4. Writing.Com Creative Internet Strategies To Advance Your Writing Career, by Moira Anderson Allen

5. Standards For Online Communication, by Joann T. Hackos and Dawn M. Stevens

6. Writing For The World Wide Web, by Victor J. Vitanza

7. Cybertalk That Sells, by Herschell Gordon Lewis

8. Cyberwriting: How To Promote Your Product Or Service Online, by Joseph G. Vitale

9. Connections: A Guide To On-Line Writing, by Daniel Anderson, Bret Benjamin and Bill Paredes

10. Sales Letters That Sizzle, by Herschell Gordon Lewis

Good luck in your writing. IN Icon

Eliott Fields is a University of Toronto English student learning the ropes and struggling to complete his first book, Trevor Milstone And The Underground Adventure. Email:


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Writer’s Block
The path to inspiration starts
Upon the trails we’ve known;
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But just a stepping stone.

Poetry Is Not
Penned to the page
Waiting for us to admire.
It is only a lonely thought
Caught by tears on fire.

Silent Echoes
A quiet rhyme upon a page
Is what a poet gives;
Some gentle words whispered in trust
To see if memory lives.

Bard From Deadlines
What makes a poem finally work
Is not the time it takes;
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To prophet from mistakes.

Be Mused
The art and craft of poetry
Are not so far apart;
The craft comes from the cunning,
The rest comes from the heart.

Fine Vintage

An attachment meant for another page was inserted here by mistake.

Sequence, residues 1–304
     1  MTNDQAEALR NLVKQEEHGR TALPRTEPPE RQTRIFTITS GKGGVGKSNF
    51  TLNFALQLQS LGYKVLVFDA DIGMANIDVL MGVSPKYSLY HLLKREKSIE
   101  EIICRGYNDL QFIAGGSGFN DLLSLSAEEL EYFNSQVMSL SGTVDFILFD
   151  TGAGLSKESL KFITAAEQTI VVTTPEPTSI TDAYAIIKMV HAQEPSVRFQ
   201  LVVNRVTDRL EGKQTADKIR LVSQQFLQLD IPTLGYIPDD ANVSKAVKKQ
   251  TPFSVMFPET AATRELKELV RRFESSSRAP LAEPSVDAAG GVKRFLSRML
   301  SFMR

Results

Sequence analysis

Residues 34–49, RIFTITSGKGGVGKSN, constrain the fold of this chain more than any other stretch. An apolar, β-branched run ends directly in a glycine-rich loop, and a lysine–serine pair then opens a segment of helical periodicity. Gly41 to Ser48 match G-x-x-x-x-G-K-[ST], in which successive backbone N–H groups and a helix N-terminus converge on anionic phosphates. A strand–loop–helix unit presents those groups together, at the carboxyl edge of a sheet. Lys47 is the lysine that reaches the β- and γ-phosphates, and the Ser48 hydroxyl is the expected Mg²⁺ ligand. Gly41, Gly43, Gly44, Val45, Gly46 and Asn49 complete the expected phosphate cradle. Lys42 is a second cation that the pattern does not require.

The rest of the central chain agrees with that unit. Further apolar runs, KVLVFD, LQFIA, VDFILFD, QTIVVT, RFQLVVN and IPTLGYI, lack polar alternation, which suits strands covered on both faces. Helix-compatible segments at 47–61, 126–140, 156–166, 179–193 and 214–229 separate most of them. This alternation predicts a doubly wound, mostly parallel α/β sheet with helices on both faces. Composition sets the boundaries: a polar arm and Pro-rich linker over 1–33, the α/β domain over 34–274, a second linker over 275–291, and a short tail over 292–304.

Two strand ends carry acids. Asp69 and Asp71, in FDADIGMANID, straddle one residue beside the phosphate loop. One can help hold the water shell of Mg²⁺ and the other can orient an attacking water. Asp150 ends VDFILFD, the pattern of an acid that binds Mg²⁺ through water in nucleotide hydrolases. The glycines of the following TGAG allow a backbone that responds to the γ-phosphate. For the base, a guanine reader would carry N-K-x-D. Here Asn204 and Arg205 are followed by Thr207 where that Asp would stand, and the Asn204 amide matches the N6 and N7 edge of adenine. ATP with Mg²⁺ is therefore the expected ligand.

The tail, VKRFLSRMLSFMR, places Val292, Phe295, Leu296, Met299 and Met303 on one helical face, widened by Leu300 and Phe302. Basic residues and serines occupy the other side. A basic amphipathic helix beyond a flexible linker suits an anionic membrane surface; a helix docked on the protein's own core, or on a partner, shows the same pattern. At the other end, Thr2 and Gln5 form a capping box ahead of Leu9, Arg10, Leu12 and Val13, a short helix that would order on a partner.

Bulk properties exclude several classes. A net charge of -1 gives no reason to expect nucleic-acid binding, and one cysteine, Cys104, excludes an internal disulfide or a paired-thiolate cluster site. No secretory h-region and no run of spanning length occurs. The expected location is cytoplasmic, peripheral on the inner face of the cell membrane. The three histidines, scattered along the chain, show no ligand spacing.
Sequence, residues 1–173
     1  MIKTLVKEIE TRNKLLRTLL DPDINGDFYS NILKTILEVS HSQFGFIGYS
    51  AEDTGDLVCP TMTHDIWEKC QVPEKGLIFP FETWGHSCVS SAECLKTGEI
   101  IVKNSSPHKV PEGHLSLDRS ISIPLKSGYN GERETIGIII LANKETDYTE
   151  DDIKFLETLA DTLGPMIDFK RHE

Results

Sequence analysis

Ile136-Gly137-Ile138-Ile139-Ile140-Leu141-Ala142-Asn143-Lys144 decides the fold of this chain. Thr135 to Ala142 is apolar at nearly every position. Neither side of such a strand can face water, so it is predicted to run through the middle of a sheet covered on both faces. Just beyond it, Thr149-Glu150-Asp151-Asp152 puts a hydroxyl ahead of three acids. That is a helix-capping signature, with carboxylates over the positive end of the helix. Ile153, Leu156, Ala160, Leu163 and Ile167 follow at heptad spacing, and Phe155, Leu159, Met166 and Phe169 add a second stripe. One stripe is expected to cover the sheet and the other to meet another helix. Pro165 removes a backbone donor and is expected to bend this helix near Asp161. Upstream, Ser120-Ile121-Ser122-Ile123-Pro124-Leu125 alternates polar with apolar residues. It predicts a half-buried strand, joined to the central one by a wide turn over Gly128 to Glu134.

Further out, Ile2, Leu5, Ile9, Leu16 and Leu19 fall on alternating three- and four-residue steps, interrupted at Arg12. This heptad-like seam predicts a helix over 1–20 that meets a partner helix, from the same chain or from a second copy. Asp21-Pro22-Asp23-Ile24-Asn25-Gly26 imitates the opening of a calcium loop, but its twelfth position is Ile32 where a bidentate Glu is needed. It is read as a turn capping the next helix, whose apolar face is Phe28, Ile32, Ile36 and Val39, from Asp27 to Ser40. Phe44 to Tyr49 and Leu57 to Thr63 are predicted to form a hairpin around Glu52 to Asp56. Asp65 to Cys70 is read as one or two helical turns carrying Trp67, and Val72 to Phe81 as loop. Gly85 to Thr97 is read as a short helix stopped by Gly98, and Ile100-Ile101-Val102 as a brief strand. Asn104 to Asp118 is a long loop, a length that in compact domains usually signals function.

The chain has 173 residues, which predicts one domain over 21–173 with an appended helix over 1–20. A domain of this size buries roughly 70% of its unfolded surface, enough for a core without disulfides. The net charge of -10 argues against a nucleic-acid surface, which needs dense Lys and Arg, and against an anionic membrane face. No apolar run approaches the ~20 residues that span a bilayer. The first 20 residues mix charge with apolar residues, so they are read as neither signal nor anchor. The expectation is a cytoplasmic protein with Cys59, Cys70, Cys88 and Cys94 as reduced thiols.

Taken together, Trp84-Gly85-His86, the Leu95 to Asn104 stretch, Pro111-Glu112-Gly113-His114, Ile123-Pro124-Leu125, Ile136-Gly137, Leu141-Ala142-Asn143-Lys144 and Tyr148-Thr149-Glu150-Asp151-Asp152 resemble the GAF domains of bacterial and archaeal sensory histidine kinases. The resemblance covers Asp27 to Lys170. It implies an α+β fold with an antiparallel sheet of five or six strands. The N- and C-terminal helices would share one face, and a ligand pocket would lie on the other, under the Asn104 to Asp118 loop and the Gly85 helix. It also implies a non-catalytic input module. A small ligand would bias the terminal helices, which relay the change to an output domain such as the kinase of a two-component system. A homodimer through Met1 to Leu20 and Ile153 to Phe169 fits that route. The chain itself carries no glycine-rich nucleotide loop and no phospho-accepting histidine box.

Don’t plant your poem on the page
As though you’re hanging drapes;
It’s shape and flow should come and grow
Like wild summer grapes.

Getting It Write
Writers write what they know best,
Their passions, fears, and dreams;
Writers rarely write about
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Double Vision
A writer’s life is paradox,
It’s more than what it seems;
We write of our reality,
The one inside our dreams.

The echo of a promise,
The thunder of a sigh,
The music of a memory,
A child asking why.

Letter Perfect
Twenty six symbols arranged on a page
Can send a soul to heaven or torment it with rage,
Can free a fragile world or hold it in its net--
The power and the magic of the mighty alphabet.

The Write of Passage
The jump from writing just for fun
To getting paid for it
Begins when you first realize
You know you’ll never quit.

It is not the magic of his wings
That sets us free from our bond.
It is the muse within ourselves
That lets our words lift us beyond.

Photo Poet
Consider your mind the darkroom,
Consider your life the lens,
Consider your eye the camera
On whose focus the poem depends.

Rising Moon
A poem is a rising moon
Shining on the sea,
An afterglow of all we know,
Of all we hope to be.

Star Light
Writing a poem,
Reaching a star,
In making good art
We find who we are.

Spider Web
A poem is a spider web
Spun with words of wonder,
Woven lace held in place
By whispers made of thunder.

The final draft upon the screen,
At last my poem’s through;
A verse of only four short lines--
I rewrote twenty-two!